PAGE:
## Saturday, March 11, 2017

### The way economics is done

I'm lookin into Richard Werner's scatterplots, creating my own version. It helps me think. But I got this far and I have to stop, because something from a few days back keeps popping up in my head.

 Graph #1
I made the graph taller than usual. But it's still not tall enough. The space between zero and one on the horizontal axis is still bigger than the space between zero and two on the vertical. This graph needs to be twice as tall as it is, and more. Or half as wide, and less. In case you, Roger Farmer, want to say something about the trend line, like it is "closer to being horizontal than vertical".

Try this on for size:

 Graph #2
Here, the distance between zero and two is about the same on both axes. Now you can discuss the slope of the trend line.

But if ya druther, it's easy to make the graph show what you want:

 Graph #3
Now we've got it. Now the trend line is "closer to horizontal than vertical." Now the evidence matches up with your story, Roger. Now we're good.

Oh, man. I was watching TV and the girl was so pretty. And I looked her up on the internet and she's not pretty and she's fat.

Ouch.

A lot of girls are like that. A lot of graphs are like that, too. Real pretty when they show it to ya. A real dog when you see it with your own eyes.

jim said...

Here is what I get when I try to duplicate Werner's scatter plot

https://fred.stlouisfed.org/graph/?g=cZ7t

The only narrative I have seen in regard to what the Fed is doing is the one written in the statutes:
"maintain long run growth of the monetary and credit aggregates commensurate with the economy's long run potential to increase production, so as to promote effectively the goals of maximum employment, stable prices and moderate long-term interest rates."

Back in the 70s and 80s when monetarist beliefs prevailed that was interpreted (by the FOMC and others) to mean that keeping the money supply in steady proportion to GDP is the main Fed task and if successful employment and inflation will be taken care of by the markets. In the late 80s this policy prescription was changed to more direct responses to inflation and employment. High unemployment means interest rates need to come down and high inflation means interest rates need to go up.
I have never seen the Fed claim that they control GDP via interest rates. I don't know where Werner gets that.

I don't even see much that suggests the Fed believes they have much influence on market interest rates. They make statements designed to encourage market rates to go up or down and if the markets move they follow, and if the markets don't move they don't either.

The Arthurian said...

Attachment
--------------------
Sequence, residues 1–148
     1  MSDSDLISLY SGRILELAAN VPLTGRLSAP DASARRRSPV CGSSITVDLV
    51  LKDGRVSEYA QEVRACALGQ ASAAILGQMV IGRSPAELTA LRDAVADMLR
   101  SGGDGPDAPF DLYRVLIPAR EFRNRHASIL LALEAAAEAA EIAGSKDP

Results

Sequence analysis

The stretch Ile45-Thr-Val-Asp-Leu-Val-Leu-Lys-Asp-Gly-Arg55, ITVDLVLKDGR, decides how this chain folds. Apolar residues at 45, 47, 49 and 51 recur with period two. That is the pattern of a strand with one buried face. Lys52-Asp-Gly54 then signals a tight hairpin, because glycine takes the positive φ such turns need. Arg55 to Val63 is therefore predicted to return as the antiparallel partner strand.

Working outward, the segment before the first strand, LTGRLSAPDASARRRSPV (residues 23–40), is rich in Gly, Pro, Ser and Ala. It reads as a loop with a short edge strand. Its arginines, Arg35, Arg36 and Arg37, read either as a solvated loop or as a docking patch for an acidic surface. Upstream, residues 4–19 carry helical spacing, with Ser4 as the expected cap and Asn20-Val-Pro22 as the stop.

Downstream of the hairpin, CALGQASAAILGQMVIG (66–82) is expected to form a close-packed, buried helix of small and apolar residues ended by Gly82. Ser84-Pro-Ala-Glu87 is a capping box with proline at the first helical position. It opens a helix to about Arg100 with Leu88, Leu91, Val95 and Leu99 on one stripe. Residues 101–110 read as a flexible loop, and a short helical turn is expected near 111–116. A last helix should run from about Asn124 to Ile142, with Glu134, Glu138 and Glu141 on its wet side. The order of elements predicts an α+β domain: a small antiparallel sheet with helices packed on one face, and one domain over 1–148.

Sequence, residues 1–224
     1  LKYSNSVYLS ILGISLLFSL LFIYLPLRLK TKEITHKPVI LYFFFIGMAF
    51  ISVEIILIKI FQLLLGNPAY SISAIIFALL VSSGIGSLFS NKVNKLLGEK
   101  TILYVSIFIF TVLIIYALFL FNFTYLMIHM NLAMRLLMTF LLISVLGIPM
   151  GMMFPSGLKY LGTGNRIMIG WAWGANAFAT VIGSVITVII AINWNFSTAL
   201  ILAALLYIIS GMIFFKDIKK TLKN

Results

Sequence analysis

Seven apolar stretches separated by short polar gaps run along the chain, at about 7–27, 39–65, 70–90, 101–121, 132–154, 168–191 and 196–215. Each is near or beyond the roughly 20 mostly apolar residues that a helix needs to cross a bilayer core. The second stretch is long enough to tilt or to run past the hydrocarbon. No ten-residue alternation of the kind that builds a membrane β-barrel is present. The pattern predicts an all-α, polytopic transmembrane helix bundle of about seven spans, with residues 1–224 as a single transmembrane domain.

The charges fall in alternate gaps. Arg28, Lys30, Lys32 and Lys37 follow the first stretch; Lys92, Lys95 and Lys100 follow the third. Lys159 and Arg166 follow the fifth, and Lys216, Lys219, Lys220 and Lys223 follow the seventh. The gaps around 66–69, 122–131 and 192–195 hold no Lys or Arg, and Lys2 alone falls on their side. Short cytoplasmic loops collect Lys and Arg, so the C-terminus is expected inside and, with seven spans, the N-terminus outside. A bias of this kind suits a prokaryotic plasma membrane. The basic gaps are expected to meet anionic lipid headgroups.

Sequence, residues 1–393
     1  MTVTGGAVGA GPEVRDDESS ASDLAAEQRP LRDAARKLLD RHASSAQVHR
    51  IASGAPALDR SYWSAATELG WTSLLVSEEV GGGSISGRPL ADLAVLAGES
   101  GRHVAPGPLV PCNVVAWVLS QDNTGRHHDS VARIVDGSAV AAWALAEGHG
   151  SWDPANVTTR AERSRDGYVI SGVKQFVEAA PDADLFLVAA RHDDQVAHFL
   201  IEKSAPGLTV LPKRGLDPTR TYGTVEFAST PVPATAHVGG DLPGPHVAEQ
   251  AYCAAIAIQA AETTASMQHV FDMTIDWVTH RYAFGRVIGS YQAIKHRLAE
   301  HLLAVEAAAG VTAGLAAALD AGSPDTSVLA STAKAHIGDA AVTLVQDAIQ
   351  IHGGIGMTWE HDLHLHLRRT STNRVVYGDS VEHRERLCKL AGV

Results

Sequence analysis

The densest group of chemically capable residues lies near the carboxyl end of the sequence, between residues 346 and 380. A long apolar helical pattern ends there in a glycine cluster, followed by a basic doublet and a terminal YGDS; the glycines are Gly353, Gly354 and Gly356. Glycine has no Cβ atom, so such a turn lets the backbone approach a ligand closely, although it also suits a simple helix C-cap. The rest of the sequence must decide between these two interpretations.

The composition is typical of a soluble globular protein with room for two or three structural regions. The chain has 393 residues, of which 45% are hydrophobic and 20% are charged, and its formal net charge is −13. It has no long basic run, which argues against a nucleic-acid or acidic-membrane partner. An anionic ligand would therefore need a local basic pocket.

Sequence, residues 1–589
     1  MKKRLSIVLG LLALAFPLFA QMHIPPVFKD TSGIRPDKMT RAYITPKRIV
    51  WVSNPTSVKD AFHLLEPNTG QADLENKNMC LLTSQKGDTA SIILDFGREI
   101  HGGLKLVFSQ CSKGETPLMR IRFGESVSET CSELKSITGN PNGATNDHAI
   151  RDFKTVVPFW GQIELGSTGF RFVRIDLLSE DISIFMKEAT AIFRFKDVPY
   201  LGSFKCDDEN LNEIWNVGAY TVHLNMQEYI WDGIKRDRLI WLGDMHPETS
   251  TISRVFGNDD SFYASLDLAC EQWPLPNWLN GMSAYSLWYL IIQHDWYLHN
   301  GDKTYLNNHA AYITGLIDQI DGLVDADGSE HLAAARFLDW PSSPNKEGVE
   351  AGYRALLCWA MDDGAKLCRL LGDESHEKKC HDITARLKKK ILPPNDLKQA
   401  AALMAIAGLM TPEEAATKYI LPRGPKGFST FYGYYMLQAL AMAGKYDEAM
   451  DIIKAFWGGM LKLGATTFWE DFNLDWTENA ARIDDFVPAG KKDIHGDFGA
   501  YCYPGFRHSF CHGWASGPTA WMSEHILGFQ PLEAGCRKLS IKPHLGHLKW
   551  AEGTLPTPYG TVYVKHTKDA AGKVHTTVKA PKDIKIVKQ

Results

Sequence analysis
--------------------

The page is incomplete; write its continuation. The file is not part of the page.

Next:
Hi Jim. I found your comment (and some others) in the spam filter. I guess Blogger has been "improving" things again.

I'm thinking it makes sense for the Fed to watch market rates closely. Go with the flow when everything is going how they want. And make adjustments otherwise.

I see Richard Werner uses long-term interest rates. But it doesn't make sense to me. If he are talking about whether the interest rate is the "key tool for monetary policy" (as he said in your youtube link) then why not look at the policy rate?

jim said...

Werner's point, that I agree with, is that interest rates are correlated with GDP growth. High growth rates and high interest rates go together and so does low growth and low rates.

Once you see that to be a fact that appears to always hold true, it is pretty hard to justify the story that the Fed is controlling growth by manipulating interest rates. The story (regardless of who tells it) doesn't make sense in light of the facts.

IMO Werner's story also doesn't makes sense. His faulty premise is that bank loans (the type of loan where loans create deposits) represent most of the economies debt when in fact it is only a small fraction of the total debt.

Oilfield Trash said...

P*Q=M*V

Whatever relationship interest rates have to subsequent economic growth is already contained in prior changes in GDP, unemployment and inflation. Interest rate changes are largely the results of prior measures of economic activity, not the causes of future economic activity.

Of course now their are two policy rates. One official, the other not so much. The Fed fund rate is the one everyone pays attention to, the IOR rate is seen as a QE tool.

I think the IOR rate has more impact than the FF target. IOR allows the FED to expand and contract its balance sheet and sets the floor for the FF target.